Savages is another competent character drama from Stone and the film holds very little back during its 130 minute runtime.
As a Hollywood director, Oliver Stone has earned a reputation for his interest in tackling uncomfortable (World Trade Center) and downright controversial (W.) subject matter. While not every film strikes a good balance between provocativeness and overall execution (Alexander), many of Stone’s films are, at the very least, memorable, and often succeed at delivering a unique – as well as powerful – look at broken characters and contentious topics that most filmmakers wouldn’t bother to touch.
Following on the heels of his Wall Street sequel Money Never Sleeps, Stone directs Savages – an adaptation of Don Winslow’s novel of the same name about a pair of Southern California Marijuana growers who end up on the wrong (i.e. violent) side of a Mexican drug cartel. Does Stone successfully present another challenging story for moviegoers, as well as convincing characters capable of justifying the copious amount of onscreen bloodshed?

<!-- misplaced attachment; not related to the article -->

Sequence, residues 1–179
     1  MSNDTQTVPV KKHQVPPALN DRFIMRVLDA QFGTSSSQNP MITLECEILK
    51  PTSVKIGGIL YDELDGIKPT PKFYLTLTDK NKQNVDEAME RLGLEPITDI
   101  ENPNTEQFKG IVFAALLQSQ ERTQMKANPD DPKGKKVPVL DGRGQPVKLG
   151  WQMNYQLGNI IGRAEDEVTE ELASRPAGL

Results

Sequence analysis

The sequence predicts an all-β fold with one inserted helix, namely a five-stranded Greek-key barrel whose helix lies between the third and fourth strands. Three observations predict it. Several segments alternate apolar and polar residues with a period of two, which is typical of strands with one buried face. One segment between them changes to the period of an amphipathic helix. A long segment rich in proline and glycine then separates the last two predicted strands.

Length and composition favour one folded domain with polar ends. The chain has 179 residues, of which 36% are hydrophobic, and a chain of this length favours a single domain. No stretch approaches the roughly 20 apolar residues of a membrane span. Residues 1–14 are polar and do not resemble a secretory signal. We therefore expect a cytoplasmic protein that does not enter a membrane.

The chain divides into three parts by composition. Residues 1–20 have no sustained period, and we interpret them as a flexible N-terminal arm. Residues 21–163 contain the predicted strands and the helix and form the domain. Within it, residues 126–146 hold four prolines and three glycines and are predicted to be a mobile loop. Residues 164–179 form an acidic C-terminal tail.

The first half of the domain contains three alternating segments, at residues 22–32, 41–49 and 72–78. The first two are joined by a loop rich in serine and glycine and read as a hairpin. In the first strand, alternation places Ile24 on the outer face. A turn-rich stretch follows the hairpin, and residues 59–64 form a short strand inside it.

Fortunately, Savages doesn’t get lost in its own violence too often and keeps the moment-to-moment drama focused on a cast of (mostly) interesting and multifaceted characters. Some of the players don’t get much (or any) development, and there are times where the film throws out disturbing story beats without paying them off (or worse yet, making sense of their effect on the characters, but Savages still offers a satisfying narrative full of competing motives and enjoyable conflict. The movie isn’t going to be for the faint of heart (it is uncompromising in its violence), but unlike a lot of blood-over-substance drama offerings, Stone’s latest film is attempting to get at something deeper – even if it sometimes misses the mark.